This document defines the scope of work requested for the Yocto Project for several different development tasks. The document specifies the deliverables required for each task. The information provided in this document should be used to provide quotations for the required tasks.

The response to this RFQ is expected to provide quotations for the development tasks defined in any of the below sections. Please direct any questions to the Yocto Project Technical Steering Committee at

Please send quotations to



The Yocto Project faces some challenges. A recent article on gives some of the background to that. The project has also taken stock of its current situation and where ideally the project would be in the future, this was published here. Given these challenges, the project has been exploring various options to fund work in these areas.

The Yocto Project is both actively recruiting new members and also has a funding application in progress. The project will be announcing several new member companies soon and there are also favorable indications on the funding application although it is not yet guaranteed.

As funds are available, the project would like to engage help to move several of the focus areas of the “future directions” plan that was previously made public. Those topic areas have been distilled into several tasks, containing several specific deliverables which are detailed below. We would like to invite quotations for completing these tasks.

If the funding application was successful, we would be looking to complete several of the tasks here by the year end which would mean executing them in parallel. It is hoped that the project could share these tasks among multiple parties to assist with that timeframe. We appreciate the skill sets needed for some tasks are more specialized than others.


Proposed areas of development

We have 8 areas of development. These have been identified as self contained areas of work within specific focus areas where we can write clear deliverables. These are listed below with further details on the following pages.

    • Patchtest – Automated testing of mailing list patches
    • Toaster – A web UI to BitBake
    • Core Workflow – Process Improvements
    • Project Tooling – Feature backlog and bugs
    • Meta-openembedded – embracing the wider OpenEmbedded ecosystem
    • Security – Set up the project and ecosystem for success
    • VSCode IDE Integration – New developer tooling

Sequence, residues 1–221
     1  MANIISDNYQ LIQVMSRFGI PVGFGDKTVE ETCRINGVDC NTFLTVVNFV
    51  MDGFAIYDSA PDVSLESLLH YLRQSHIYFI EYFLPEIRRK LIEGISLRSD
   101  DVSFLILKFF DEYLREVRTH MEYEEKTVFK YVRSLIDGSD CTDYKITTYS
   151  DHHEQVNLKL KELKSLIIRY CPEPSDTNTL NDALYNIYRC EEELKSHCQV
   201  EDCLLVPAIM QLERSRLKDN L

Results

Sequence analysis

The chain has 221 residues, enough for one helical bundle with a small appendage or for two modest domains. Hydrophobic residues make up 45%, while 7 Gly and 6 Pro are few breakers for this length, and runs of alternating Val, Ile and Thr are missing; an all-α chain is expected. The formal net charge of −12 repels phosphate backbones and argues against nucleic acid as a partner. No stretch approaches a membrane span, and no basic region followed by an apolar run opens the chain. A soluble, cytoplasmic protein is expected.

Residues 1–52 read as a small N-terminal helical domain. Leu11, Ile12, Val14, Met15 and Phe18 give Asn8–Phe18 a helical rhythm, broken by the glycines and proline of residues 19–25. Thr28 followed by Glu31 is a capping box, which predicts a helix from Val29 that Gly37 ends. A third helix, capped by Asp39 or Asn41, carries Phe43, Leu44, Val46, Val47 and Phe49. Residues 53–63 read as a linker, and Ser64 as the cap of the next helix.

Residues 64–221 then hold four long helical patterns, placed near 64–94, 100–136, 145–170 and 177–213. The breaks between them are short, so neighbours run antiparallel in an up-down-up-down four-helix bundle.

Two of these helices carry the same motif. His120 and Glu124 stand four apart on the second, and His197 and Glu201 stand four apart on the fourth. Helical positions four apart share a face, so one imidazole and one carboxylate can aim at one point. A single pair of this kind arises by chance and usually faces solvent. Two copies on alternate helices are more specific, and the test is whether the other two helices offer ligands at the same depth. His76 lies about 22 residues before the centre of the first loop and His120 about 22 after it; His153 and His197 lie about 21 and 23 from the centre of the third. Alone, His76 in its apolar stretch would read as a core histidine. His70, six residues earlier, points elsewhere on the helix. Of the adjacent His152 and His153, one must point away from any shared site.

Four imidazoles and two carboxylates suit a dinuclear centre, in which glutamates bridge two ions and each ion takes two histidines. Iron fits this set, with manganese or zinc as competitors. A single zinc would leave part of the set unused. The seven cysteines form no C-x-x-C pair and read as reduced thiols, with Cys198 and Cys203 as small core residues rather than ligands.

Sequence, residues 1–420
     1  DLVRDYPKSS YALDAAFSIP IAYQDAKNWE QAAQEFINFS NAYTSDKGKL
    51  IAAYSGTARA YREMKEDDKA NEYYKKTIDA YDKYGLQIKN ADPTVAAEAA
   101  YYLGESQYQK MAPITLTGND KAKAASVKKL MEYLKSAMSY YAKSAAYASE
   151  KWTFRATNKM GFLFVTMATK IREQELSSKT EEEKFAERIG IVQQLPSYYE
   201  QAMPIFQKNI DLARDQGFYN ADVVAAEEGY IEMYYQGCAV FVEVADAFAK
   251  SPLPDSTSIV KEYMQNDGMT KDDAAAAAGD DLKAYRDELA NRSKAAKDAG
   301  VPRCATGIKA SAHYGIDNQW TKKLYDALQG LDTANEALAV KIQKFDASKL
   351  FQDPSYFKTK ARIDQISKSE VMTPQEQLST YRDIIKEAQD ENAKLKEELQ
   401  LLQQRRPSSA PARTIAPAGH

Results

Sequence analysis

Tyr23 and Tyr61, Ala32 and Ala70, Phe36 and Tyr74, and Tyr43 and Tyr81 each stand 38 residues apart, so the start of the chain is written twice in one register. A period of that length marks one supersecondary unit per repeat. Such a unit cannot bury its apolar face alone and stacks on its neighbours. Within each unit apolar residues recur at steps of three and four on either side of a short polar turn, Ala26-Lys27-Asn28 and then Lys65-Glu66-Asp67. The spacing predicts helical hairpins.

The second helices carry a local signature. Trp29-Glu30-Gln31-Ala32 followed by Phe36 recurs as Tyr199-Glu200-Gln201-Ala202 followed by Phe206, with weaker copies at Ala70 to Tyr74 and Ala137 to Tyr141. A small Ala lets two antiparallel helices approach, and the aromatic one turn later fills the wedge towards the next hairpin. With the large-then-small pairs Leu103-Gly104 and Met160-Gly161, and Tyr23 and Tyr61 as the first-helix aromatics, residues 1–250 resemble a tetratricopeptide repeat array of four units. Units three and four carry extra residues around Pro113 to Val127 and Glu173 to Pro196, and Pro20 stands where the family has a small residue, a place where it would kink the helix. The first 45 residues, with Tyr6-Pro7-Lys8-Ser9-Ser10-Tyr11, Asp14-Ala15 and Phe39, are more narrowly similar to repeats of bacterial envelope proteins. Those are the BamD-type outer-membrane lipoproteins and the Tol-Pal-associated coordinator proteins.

• Binary Distro – Enabling faster and easier R&D


Patchtest – Automated testing of mailing list patches


The Yocto Project and its components are mailing list based for contributions, similar to the kernel and other older large projects with a diverse set of reviewers. Patchtest refers to the automated testing aspect of the Patchwork tool, which is a tool used to help manage mailing list patch workflows. Other projects which use patchwork include QEMU, Ubuntu kernels, Open vSwitch, OpenBMC, OpenWRT, ALSA and many Linux kernel subsystems.

The basis for Patchtest is to help users with patch submissions with a patch testing service which automatically runs a simple set of tests against patches being submitted. A version was implemented on top of patchwork and ran publicly for a period of time. It was much appreciated by users who found the feedback very helpful in successfully submitting patches against Yocto Project

The patchwork part of the project functioned but was difficult to maintain with recent mailing list changes and it eventually failed. We switched to a new upstream version of patchwork and restored that functionality but lost the patchtest integration

The  tests themselves remain as relevant now as when they were written, we need to integrate patchtest into the new patchwork to re-institute this valuable user service.


Projects have changed structure over time and new contributors are much more used to GitHub pull request-style workflows. Our patch/mailing list workflow does have value but we need to do more to help new users adjust to it. By having a way to run simple tests against their potential submissions we encourage them to make better submissions and become active members of the community rather than just consumers.